I’m reading a book about grief. In the introduction, Melissa Kelley talks about a woman who has had a difficult life and is now a few months past the death of her husband. Kelley writes: “Millie says the closest she has ever come to naming her experience of God is the Bible story about the shepherd who leaves the ninety-nine sheep to find the one that has wandered off. She is the one that has wandered off, but in her experience, the shepherd has never come to find her.”
I’ve talked about that story many times in my life (even here). But I never stopped to think about how the lost sheep felt before the shepherd arrived. Alone, adrift, ignored, in pain. No matter whose fault the wandering may have been — willful running away, inattentive drifting away, intentional driving away — the result was the same. The one sheep was away from the flock and unrescued by the shepherd.
But it took time. It was getting dark.
I sometimes forget how abandoned people can feel by the institution I’m part of or the God I’m called by. But I often remember, or am reminded. Whether by readings like this, or conversations with people in deep grief who are trying to understand why they feel like they are facing this pain alone.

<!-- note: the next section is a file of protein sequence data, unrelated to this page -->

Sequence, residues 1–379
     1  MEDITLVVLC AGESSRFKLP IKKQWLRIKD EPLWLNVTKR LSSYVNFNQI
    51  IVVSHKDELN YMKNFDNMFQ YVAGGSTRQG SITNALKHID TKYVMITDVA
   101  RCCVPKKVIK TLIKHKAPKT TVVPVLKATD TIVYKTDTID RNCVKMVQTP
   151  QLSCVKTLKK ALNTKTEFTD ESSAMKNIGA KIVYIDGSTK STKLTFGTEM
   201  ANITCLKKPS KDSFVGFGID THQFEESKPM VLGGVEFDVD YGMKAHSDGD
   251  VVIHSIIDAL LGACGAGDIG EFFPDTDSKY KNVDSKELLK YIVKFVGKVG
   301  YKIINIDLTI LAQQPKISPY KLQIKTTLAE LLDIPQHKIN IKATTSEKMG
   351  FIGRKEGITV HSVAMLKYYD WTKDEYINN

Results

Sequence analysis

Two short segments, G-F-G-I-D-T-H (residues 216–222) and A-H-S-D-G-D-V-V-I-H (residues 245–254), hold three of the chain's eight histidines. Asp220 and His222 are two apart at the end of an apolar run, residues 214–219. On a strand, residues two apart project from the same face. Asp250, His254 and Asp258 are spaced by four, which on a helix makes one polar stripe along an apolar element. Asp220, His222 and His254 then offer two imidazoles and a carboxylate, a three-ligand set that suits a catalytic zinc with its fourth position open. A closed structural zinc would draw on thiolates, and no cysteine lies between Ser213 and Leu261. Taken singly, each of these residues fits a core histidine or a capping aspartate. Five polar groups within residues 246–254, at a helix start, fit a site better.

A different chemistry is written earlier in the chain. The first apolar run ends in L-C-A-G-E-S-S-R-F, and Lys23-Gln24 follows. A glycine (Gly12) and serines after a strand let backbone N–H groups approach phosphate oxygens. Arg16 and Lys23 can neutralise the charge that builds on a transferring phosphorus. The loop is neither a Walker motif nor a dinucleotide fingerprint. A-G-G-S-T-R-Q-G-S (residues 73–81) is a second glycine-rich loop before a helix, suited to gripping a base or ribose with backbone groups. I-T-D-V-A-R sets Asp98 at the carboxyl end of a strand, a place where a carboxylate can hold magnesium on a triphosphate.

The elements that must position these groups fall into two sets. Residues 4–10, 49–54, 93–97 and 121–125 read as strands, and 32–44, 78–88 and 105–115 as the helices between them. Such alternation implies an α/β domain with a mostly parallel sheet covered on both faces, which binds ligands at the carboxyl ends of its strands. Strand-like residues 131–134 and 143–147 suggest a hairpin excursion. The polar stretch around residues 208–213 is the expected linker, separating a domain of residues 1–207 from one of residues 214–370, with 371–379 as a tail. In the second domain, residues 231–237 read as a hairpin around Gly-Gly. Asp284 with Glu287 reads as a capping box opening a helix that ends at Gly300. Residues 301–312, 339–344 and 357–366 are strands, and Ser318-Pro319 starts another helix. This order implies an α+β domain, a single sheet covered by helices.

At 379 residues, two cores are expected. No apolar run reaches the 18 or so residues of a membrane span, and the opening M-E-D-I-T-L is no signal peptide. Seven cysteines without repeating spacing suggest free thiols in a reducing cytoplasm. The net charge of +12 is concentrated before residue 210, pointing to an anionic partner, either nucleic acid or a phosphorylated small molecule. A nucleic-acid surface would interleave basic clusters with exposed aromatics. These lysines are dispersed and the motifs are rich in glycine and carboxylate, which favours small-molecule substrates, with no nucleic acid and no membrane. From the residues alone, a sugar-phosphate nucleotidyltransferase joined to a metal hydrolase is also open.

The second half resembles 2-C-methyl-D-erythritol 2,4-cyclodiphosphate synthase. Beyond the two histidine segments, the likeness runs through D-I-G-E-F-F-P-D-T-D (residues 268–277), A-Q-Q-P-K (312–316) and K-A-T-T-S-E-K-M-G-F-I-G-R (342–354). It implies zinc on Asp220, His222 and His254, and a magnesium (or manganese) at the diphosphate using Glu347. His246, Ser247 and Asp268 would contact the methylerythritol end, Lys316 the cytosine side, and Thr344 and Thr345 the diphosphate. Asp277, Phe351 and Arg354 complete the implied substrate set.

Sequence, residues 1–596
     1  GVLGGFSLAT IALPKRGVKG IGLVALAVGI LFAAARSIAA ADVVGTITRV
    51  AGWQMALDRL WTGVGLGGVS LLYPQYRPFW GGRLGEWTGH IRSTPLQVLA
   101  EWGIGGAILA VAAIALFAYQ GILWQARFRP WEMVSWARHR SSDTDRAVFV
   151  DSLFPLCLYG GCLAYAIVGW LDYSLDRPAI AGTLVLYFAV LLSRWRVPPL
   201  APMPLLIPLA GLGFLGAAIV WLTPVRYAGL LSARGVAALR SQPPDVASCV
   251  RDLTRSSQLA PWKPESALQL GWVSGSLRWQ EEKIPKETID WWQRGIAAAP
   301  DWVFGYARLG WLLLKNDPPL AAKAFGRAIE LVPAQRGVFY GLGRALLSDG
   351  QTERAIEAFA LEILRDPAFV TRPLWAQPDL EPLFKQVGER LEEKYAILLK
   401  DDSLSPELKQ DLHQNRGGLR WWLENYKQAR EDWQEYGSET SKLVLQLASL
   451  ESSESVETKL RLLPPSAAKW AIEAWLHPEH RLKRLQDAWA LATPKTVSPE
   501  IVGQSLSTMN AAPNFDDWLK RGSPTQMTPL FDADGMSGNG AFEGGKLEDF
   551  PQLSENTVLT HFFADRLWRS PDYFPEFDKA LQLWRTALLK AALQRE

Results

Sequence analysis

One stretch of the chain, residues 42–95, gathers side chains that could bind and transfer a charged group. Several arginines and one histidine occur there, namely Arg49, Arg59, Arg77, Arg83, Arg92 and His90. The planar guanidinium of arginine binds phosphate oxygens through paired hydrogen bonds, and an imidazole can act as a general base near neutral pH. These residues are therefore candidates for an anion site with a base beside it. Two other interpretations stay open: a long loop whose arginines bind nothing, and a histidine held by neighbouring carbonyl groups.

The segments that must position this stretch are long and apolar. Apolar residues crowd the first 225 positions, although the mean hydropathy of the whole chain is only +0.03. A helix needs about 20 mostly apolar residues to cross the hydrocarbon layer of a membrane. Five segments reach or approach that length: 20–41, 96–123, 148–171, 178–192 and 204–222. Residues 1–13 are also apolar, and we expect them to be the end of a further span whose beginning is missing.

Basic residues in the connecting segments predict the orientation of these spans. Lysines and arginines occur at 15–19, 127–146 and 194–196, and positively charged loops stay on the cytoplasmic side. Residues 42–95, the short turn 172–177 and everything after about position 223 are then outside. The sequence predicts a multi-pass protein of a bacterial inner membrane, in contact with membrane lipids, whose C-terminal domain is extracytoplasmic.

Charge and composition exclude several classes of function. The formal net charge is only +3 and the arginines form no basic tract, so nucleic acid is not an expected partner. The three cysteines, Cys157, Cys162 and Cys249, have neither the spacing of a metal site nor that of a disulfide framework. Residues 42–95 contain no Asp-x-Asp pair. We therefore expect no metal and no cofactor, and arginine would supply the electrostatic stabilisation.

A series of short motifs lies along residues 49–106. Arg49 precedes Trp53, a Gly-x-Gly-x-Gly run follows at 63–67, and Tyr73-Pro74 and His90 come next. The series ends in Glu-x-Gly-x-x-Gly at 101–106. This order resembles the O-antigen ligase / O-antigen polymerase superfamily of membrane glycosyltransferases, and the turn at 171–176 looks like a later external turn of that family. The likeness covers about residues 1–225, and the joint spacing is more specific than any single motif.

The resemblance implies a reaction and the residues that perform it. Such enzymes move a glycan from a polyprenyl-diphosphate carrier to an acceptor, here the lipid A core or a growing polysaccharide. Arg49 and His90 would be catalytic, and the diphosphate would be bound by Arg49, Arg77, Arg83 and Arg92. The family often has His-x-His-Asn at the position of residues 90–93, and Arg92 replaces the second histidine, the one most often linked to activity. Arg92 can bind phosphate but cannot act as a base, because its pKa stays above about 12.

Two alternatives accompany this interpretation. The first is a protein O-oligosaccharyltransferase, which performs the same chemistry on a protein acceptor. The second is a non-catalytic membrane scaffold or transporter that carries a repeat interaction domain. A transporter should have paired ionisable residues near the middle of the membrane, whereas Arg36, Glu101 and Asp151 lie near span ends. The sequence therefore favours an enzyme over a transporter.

So I sit with them. And I listen. And I talk, a little. And I try to help people feel a little bit found, a little bit trusted, a little bit loved.
As Jesus tells the story, the shepherd felt delighted in loving the sheep. The shepherd was looking passionately. But sheep who have wandered often can’t believe that anyone wants to find them.
The invitation for those of us who are partners with the shepherd is to be looking constantly and compassionately, at the edges and over the cliffs. Because some sheep are pretty sure no one cares.
Least of all God.
Thanks to Nancy for today’s word. Sheep.